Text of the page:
I worry sometimes about being different, and not accepted, or worse, outright rejected, because of it. I was invited to speak at the Zonta meeting last night on the theme of it being women’s health week, and as I mingled with the women who were in many ways similar to me, I was more aware of how I was different I was from them. Yes, I am middle class, educated, midlife, and can speak with a Merton Hall accent when required: but I have ideas beyond what is socially acceptable, my hair is grey and quite wild instead of coloured and carefully groomed, and I am a somewhat unpredictable sex researcher with an ‘out there’ topic who more and more identifies with the queer community.

 When a friend expressed doubt about my suitability to speak on behalf of a conservative organisation she described me as ‘out there’. I was deeply cut by this comment, which was probably not thought out or intended to hurt in the way it did, but it has resonated with me. I should not let it inhibit me. I am generally very careful about what I say on public record, even if in private I can be outspoken.

The university climate where mild criticism is slammed and students and staff are advised to keep critical observations to themselves feeds my concerns. I was told off for tweeting that a lecture was boring, even though I also said the content was ok and did not name the lecturer. I want a job; I value free speech; I value excellent pedagogy and wish to fight for it. I have not totally silenced myself but take more care than usual to consider the ways I express ideas.

I gave a rave in my talk last night about the importance of comprehensive, age-appropriate sex education. I criticised a school where the administration will not allow condoms to be given out by the school nurse, who then in her weekend job as a midwife delivers the babies of the students she denies condom access. I was speaking from the heart, not my logic centre (and I don’t think I named the school – but the school’s PR person was present and would have recognised the scenario), but then worried that I had caused offence. Is it more important to cause some potential offence or to advocate? Obviously to me advocacy and good public health wins, but I wish it didn’t come with self doubt. Feedback on my presentation was positive.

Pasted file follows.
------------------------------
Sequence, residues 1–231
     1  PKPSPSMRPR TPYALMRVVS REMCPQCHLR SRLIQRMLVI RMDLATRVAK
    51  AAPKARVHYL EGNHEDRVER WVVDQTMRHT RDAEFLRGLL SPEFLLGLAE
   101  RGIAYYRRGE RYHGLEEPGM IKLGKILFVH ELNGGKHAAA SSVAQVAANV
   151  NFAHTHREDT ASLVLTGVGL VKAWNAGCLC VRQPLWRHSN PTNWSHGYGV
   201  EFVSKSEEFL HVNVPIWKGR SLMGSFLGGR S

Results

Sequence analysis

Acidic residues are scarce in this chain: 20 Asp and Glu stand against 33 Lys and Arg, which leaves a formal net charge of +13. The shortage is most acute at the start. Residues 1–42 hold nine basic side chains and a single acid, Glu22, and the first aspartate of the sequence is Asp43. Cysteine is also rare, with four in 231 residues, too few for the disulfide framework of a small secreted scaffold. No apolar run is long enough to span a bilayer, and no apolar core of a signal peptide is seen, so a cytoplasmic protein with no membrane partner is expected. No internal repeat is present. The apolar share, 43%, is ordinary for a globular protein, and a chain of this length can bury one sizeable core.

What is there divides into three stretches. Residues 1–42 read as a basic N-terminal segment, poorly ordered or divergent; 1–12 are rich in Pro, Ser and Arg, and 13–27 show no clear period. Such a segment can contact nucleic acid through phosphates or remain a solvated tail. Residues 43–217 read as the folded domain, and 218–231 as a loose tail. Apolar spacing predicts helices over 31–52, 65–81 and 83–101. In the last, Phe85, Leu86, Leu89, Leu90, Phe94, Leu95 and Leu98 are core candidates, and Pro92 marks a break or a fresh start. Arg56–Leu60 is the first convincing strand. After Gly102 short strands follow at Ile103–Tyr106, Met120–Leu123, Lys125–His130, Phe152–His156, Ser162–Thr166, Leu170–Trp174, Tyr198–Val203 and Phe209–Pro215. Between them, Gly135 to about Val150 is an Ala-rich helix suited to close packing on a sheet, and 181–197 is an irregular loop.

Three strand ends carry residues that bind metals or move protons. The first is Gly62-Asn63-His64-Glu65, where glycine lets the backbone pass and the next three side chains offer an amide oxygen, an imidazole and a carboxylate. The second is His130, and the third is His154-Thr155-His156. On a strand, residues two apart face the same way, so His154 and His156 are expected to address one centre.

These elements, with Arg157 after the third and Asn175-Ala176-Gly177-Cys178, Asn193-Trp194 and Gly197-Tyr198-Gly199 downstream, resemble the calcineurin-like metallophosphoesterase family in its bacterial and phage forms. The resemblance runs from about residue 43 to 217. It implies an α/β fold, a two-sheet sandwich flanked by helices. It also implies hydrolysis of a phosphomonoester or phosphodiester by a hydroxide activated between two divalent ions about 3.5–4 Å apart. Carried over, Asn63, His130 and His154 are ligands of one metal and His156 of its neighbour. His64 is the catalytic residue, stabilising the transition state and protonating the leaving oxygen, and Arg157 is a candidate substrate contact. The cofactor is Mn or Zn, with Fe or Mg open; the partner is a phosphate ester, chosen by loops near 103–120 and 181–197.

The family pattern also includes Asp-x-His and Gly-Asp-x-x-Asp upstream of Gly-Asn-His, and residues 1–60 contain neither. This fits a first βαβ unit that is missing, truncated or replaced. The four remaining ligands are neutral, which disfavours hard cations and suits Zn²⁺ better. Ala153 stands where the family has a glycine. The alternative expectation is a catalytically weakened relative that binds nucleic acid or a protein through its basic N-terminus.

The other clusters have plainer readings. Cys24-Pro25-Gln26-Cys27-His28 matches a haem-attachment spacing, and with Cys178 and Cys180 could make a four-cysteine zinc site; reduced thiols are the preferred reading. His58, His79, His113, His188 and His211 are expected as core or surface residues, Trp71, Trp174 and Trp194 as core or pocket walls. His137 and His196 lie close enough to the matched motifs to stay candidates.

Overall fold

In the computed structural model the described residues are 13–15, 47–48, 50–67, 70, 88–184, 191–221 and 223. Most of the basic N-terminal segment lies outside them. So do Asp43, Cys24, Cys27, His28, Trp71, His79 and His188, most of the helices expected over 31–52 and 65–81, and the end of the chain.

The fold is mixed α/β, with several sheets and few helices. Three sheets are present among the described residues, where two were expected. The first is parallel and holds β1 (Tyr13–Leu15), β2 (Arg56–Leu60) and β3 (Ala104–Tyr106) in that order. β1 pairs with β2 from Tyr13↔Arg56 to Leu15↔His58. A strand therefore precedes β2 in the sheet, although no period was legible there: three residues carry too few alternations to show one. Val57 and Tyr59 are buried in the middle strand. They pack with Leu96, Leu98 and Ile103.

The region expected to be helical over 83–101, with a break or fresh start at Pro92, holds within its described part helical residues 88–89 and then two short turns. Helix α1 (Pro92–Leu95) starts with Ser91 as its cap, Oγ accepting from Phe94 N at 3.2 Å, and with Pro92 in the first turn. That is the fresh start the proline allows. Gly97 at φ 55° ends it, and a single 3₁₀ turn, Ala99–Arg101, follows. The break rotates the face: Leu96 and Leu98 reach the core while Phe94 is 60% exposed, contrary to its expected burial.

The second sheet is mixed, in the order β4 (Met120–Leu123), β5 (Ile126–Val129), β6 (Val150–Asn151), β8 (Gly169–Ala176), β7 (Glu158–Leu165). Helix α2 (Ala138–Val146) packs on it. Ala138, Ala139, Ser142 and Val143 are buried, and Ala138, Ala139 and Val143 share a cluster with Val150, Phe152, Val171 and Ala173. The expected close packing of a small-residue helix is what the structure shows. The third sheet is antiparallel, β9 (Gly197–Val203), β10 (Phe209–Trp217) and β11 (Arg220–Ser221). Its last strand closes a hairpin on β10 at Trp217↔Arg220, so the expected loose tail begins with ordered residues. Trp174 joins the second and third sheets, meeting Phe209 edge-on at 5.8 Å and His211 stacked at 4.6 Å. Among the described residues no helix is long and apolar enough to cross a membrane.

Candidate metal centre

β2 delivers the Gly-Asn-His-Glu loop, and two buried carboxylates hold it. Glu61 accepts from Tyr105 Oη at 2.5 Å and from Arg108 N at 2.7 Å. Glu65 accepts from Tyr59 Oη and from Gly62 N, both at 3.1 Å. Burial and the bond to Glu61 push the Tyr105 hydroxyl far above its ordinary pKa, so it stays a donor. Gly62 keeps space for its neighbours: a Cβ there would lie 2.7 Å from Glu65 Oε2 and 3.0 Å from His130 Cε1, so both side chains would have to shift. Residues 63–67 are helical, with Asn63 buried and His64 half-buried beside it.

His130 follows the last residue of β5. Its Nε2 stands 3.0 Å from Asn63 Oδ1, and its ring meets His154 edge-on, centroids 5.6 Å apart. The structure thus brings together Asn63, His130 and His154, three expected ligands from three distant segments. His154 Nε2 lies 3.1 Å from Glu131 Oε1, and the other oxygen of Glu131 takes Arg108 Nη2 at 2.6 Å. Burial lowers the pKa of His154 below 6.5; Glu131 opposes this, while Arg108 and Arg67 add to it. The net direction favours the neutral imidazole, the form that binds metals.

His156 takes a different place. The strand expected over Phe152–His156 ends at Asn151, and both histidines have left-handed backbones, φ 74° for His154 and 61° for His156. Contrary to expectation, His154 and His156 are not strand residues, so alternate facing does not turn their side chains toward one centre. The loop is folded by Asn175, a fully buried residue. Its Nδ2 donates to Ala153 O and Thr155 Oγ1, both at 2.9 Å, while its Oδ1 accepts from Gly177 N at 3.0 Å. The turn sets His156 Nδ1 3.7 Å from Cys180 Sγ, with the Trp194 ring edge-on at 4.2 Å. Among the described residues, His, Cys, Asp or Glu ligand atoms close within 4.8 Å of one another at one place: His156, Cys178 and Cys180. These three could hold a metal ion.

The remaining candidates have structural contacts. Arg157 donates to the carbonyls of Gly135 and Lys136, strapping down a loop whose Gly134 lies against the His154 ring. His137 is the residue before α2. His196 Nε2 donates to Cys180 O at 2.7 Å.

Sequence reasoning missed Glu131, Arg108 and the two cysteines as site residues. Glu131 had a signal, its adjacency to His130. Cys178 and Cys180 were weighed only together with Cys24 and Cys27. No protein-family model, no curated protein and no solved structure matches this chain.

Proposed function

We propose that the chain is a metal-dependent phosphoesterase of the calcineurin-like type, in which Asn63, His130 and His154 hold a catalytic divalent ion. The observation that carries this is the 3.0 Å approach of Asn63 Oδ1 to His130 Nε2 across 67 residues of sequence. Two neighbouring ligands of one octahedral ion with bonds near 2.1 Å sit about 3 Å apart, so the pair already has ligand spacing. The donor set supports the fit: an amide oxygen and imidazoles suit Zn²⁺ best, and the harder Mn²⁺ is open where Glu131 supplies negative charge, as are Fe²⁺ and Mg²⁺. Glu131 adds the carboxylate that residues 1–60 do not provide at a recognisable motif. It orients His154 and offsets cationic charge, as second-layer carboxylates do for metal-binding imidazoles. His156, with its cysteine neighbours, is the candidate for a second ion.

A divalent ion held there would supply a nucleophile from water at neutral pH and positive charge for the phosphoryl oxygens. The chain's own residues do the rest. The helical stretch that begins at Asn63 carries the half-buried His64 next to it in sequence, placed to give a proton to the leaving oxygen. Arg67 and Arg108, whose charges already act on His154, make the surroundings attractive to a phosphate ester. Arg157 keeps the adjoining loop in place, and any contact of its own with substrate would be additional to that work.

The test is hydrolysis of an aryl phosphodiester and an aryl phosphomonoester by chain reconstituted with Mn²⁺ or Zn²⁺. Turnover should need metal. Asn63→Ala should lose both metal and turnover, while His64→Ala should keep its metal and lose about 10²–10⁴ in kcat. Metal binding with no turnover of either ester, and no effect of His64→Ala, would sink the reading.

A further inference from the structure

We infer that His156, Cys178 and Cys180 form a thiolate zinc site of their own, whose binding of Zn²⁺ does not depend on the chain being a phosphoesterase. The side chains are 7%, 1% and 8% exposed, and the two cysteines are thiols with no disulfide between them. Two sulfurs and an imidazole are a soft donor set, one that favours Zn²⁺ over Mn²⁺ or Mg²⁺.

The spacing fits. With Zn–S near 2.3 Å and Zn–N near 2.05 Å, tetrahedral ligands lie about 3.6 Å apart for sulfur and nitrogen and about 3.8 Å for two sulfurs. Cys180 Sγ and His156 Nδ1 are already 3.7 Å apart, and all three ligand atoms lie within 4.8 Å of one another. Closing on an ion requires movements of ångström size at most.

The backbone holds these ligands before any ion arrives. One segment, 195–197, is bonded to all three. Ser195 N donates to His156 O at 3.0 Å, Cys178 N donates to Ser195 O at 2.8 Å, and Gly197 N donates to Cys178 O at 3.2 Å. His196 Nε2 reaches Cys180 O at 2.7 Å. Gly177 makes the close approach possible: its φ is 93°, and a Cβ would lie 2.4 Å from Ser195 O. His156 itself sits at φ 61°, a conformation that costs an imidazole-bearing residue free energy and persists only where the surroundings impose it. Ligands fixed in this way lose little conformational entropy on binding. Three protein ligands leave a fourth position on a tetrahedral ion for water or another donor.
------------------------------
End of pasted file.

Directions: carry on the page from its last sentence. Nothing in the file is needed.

My self-doubt extends to my PhD topic too. I write this as a Facebook status today: Sometimes when I hear about worthy projects like preventing violence against women or supporting safe birth practices I think my PhD topic sounds frivolous. But then I think no, positive sexuality and sexual health for people of all ages is important too and is part of the good aspect of life, and feel ok. I was not consciously seeking affirmation but it came swiftly. Kate McCombs, a sex educator I hugely admire wrote: I frequently think about how your PhD topic is beacon-of-permission-ing in a powerful way. Having non traditional relationships, enjoying sex after 55, and TALKING about it? Amazing, world changing stuff I reckon. Karyn Fulcher, another awesome sex-positive educator and PhD student said, So much sexuality research focuses on preventing negative outcomes or events, but there is not nearly enough focus on encouraging the positive. Your work does exactly that and that’s why it’s so important. I value the acceptance, support and love of my #sexgeek community – thanks!

There is a fine line between having acceptability so the message is heard, and silencing the message to maintain acceptability.

I must be brave. I take inspiration from people who are much more obviously ‘the other’ than I am, and who cannot hide or pass as easily as I am able to. I do have important things to say, and am in a position to say them, so say them I will.

The music in my head is ‘Do you hear the people sing’ *punches fist in the air*.